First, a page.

From Masa To Mesa: The Many Faces Of Tortillas Part 2

articles Food & Cuisine

Karen Hursh Graber

Mexican Kitchen

Last month, the nixtamalization of corn dough – or masa – was discussed, along with a description of the process itself and detailed instructions for making masa at home, either from scratch with dried corn, or using masa harina mix. Now comes the fun part: the many different regional treats that can be made with this basic tortilla dough. For although the tortilla is eaten as an accompaniment to most meals, it is also the basis of many of the delicious snack foods – antojitos and botanas – prepared all over Mexico.

Sometimes, traveling around the country, it seems that the possible variations on the tortilla theme are endless. The size and thickness of the tortillas themselves, plus the incredible array of food which is served on, in, and under them, varies from one state to another. The chalupas and molotes of Puebla, the salbutes and panuchos of the Yucatan, Oaxaca’s entomatadas, enfrijoladas, enmoladas and tlayudas are just a few of the delicious regional specialties based on simple tortillas. Tacos, of course, are found everywhere, with local variations on fillings.

Quesadillas, while not quite as widespread as the ubiquitous taco, are sold from street stands all over the central part of the country. Cheese, shredded meat, chorizo, squash blossoms, chiles and mushrooms are all common quesadilla fillings in the high central plateau. They are most frequently prepared on a dry comal, but may also be fried.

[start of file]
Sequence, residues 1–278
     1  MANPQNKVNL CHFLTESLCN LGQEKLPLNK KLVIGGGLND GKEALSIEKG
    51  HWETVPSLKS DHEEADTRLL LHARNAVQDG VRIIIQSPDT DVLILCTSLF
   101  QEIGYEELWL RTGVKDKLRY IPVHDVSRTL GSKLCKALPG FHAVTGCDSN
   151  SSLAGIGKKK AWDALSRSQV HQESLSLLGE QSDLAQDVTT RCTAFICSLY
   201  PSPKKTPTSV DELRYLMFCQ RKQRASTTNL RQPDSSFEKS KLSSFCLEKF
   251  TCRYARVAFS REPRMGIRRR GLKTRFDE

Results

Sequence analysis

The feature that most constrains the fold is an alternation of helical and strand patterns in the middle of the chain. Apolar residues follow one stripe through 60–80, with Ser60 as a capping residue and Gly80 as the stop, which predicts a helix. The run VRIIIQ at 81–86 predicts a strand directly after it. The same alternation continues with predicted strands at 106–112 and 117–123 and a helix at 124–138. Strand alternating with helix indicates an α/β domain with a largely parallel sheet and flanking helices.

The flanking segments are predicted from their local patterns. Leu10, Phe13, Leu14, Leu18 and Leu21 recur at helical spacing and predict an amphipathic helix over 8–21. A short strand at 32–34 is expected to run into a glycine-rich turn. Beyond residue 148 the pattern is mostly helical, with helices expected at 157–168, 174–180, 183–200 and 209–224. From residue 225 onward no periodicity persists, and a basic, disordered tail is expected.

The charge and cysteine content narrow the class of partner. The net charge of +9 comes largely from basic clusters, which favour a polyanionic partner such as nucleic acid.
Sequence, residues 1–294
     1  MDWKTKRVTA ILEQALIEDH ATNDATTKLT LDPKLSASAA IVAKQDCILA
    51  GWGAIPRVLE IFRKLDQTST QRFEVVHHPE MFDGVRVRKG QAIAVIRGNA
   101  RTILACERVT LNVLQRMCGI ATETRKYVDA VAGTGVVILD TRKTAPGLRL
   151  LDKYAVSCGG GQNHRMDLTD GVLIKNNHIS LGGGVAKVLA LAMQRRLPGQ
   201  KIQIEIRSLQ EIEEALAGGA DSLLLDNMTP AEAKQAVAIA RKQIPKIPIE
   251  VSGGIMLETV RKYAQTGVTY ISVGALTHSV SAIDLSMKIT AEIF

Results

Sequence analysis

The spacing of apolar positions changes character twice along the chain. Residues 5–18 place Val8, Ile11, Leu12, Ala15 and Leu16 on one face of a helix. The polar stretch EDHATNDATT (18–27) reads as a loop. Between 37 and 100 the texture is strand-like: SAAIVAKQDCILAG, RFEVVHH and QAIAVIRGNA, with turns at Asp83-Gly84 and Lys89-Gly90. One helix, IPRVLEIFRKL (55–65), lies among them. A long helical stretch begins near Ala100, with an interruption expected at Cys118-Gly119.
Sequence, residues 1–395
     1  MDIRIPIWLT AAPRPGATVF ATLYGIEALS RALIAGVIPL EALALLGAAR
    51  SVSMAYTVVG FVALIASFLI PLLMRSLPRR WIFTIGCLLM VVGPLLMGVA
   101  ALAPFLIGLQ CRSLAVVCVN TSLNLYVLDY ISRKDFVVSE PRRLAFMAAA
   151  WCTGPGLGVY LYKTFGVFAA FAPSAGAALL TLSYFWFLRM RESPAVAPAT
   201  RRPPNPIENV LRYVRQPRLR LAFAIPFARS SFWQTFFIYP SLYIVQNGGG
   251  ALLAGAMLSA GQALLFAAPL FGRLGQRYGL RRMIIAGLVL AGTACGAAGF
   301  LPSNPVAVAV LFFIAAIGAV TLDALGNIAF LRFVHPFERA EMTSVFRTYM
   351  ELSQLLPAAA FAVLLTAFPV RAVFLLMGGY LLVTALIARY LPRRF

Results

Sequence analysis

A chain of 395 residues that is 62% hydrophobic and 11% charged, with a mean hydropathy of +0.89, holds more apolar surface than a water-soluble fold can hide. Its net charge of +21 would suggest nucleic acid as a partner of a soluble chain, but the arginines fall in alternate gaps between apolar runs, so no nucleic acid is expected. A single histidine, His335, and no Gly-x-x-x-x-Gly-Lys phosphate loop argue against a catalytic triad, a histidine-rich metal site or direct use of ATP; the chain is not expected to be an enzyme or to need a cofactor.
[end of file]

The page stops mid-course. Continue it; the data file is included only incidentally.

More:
Whether filling tortillas to make quesadillas, enchiladas or flautas, or just rolling one around some of the food on your plate to make an impomptu taco, always put the food on the inside, or pancita – “belly” – of the taco. This is the thinner side, which puffs up when the tortilla is being baked on the comal. The thicker side is called the espalada, or “back.” This bit of information is more than just “tortilla etiquette”, but a very practical point, because if the thinner part of the tortilla ends up on the outside, it will be much more likely to fall apart.

Before sharing some regional recipes, a word about color: Corn tortillas usually range in color from a lemony yellow to nearly white, depending upon the color of the corn kernels used. Contrary to some foreigners’ belief that the darker yellow ones are somehow more nutritious, it has been pointed out by Mexican friends that this deep color is often a result of using too much cal (calcium hydroxide ) in the nixtamalization process, which also tends to give the tortillas a somewhat sour taste. Blue corn tortillas, made with dark bluish-green kernels, are sometimes sold, handmade, in the markets of central Mexico. Pinkish-red ones, made from the deep red-purple kernels, are much less common, although food coloring is sometimes added to masa for special occasions. Tortillas and “chips” made with bright vegetable colors or food coloring have recently become available in upscale supermarkets in both the US and Mexico, and make very attractive serving presentations.

All of these descriptions apply only to corn tortillas. Flour tortillas, made with refined white flour instead of corn masa, are a specialty of northern Mexico and the border region. They are far less common further south, and will be discussed in an upcoming article on norteño cooking. Meanwhile, whether recapturing the flavors of a Mexican journey, or just doing some armchair traveling, try some of these authentic regional specialties and celebrate patriotic September, el mes de la patria.

(To the rest of the Kitchen!)

Published or Updated on: January 1, 2006 by Karen Hursh Graber © 2008
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